Thoughts, musings and observations from the Pens' Game 7 3-2 double overtime victory against Ottawa in the Eastern Conference Final at PPG Paints Arena…
*The Pens have defied the odds once again. Pittsburgh became the first team to win the Prince of Wales Trophy in back-to-back seasons since, well, the Penguins in 2008 and '09.
Pittsburgh will play in the Stanley Cup Final for the second consecutive year and has an opportunity to become the first NHL team to win back-to-back Cup titles since the Detroit Red Wings in 1996 and '97.
The double overtime victory was Pittsburgh's way of defying history. Pittsburgh was only 3-7 at home in a Game 7. To make matters worse, the Pens have never won a double overtime contest on home ice.
Pittsburgh bucked both of those trends tonight.
*Forward Chris Kunitz has been a Penguin for a long time, eight-plus seasons. But he will no doubt go down in Pens' folklore following his legendary Game 7 performance.
The 37-year-old scored 2 goals, including the decisive game-winner in double overtime, and figured in on all 3 Pittsburgh tallies in the contest.
Kunitz began the game working on the fourth line with Matt Cullen and Conor Sheary. In the second period he joined Sheary on a 2-on-1 rush and finished the play by giving Pittsburgh a 1-0 lead.
Kunitz helped give the Pens a 2-1 lead while working the net-front on the power play in the third period. Kunitz, who did pick up an assist on the play, screened goaltender Craig Anderson while blueliner Justin Schultz snapped off a shot form the midpoint. Anderson looked to his right to see around Kunitz as the puck came hard from the left and into the netting.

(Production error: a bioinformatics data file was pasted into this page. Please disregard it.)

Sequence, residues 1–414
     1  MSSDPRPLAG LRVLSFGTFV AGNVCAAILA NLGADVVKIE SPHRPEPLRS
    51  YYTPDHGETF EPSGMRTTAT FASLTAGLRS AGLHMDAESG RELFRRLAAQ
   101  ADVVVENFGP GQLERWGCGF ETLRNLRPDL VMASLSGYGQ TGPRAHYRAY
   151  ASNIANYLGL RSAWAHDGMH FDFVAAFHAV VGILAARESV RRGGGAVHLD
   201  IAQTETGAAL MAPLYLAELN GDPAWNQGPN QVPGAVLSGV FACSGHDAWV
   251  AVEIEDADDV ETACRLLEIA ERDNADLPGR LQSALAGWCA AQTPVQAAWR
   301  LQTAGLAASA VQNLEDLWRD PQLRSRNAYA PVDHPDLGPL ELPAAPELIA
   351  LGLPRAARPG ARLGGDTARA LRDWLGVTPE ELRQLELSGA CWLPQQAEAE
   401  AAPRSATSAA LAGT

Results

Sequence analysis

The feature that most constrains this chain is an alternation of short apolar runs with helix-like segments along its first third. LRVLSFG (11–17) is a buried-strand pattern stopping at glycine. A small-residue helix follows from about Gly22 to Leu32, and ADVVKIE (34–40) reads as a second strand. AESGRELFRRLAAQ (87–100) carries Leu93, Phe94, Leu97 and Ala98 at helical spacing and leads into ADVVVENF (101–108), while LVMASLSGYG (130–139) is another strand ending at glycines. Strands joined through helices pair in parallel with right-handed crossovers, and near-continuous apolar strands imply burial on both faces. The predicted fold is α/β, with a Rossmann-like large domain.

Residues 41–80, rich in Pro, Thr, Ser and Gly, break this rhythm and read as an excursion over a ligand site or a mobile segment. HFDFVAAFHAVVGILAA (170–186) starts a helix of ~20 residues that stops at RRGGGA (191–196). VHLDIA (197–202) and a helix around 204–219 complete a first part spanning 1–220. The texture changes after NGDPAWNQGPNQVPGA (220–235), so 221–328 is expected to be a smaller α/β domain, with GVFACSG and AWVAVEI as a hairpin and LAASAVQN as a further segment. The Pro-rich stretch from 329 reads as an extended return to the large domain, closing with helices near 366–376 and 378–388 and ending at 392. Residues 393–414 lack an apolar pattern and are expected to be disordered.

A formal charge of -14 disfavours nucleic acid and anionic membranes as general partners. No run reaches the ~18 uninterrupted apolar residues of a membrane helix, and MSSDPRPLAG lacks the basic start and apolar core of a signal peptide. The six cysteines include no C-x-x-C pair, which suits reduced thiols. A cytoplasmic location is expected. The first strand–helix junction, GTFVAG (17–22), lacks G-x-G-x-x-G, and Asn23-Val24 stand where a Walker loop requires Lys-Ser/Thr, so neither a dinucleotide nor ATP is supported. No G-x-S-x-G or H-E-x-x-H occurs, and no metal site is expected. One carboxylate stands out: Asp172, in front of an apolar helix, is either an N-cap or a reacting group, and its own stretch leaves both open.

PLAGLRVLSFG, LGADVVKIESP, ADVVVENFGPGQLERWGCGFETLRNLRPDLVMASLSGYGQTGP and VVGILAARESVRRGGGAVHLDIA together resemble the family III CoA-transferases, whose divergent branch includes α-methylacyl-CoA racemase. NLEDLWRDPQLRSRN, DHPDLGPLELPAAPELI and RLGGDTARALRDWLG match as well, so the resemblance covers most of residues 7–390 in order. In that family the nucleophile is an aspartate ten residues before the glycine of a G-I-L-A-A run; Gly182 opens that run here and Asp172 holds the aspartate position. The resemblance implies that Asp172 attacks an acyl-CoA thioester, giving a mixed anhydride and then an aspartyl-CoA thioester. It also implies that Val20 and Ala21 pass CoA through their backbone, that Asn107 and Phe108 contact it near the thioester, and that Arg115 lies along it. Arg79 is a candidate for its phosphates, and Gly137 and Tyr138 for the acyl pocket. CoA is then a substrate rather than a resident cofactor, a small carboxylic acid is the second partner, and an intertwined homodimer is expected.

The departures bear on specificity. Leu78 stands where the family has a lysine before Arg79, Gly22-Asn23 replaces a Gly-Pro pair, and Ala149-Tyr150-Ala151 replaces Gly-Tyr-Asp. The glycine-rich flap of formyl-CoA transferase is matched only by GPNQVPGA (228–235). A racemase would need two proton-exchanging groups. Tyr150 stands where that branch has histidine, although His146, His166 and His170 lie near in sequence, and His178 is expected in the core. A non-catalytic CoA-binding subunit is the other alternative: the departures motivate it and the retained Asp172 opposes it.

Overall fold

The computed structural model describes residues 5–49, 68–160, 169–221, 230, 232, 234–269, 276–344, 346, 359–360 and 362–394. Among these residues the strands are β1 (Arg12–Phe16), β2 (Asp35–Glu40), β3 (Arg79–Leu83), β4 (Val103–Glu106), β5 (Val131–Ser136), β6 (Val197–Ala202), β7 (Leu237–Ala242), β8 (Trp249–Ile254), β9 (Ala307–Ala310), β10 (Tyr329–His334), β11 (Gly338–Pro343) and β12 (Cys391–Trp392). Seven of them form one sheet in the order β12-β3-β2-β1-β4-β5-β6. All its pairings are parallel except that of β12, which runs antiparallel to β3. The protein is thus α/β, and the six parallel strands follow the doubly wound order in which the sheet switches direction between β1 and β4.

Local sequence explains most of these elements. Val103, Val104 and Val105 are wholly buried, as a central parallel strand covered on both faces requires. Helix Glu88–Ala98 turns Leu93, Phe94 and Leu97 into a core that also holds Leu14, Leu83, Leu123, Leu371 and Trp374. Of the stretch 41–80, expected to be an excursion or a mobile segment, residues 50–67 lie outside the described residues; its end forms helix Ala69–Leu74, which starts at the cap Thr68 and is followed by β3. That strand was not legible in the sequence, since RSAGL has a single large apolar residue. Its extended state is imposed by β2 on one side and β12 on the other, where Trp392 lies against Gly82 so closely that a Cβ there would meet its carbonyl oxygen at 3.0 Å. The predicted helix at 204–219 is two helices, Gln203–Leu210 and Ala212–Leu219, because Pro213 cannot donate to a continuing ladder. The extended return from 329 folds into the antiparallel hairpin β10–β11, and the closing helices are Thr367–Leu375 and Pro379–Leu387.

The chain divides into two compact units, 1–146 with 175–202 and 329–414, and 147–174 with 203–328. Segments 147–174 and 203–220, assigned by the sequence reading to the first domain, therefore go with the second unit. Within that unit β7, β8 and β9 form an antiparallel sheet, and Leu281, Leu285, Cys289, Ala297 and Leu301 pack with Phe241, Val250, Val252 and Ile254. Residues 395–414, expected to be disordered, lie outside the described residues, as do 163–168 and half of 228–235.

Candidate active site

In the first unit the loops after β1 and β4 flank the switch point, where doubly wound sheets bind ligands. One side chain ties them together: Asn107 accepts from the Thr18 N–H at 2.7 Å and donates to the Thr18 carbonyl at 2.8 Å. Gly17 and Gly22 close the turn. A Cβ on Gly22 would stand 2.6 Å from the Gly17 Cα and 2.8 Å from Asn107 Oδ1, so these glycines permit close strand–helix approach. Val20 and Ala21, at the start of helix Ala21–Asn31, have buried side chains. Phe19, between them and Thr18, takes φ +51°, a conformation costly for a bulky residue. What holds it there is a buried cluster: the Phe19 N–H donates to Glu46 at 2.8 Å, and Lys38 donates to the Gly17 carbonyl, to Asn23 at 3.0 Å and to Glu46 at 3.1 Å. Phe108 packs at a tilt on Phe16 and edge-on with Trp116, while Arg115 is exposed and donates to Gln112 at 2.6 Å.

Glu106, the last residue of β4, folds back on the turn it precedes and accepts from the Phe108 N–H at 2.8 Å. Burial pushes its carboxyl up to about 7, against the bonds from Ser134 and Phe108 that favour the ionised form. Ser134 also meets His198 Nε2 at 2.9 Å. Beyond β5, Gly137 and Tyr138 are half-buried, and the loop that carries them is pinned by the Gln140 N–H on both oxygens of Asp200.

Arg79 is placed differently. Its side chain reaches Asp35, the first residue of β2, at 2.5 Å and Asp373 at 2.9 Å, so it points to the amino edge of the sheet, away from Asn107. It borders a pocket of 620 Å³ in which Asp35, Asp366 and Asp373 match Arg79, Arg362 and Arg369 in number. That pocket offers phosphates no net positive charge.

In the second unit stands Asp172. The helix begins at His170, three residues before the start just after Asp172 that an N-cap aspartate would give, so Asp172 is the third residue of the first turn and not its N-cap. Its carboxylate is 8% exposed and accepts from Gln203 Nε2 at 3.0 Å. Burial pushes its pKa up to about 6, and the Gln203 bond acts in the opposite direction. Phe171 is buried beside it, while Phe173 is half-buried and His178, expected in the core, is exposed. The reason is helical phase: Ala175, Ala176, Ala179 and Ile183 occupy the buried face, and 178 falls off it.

But the play that will be seen in highlight reels for year to come was his overtime winning tally. Kunitz set himself up in the high slot and took a pass from Sidney Crosby. Kunitz whipped a shot toward the net that found its way through to end the series.
*What a gutsy effort by defenseman Justin Schultz. He missed the last four games with an upper-body injury and hadn't skated in the past few days. Schultz didn't even partake in the Pens' morning skate prior to Game 7.
But he took the ice for warmups and was in the lineup when the puck dropped with the entire season on the line.
And talk about clutch. Schultz, working in his usual spot on the team's top power play, snapped a shot that eluded Anderson to give Pittsburgh a 2-1 lead in the third period.
*The difference in this game was special teams. The Pens had only 1 power-play opportunity. That is not a typo. One single power play. And they made it count by converting. Meanwhile the Senators had 2 man-advantage chances, but failed to score on both.
The Pens finished a plus-1 in the special teams category. That 1 was the difference in the game.
*The Pens' victory was a testament to their patience. They completely dominated possession time and outshot the Senators, 42-29, in the contest. But instead of getting frustrated, sulking and letting it affect their play, they persevered.
Pittsburgh's biggest challenge will always be remaining patient against structured teams that have numbers in the neutral zone. The Pens passed that test tonight. And really, all season long.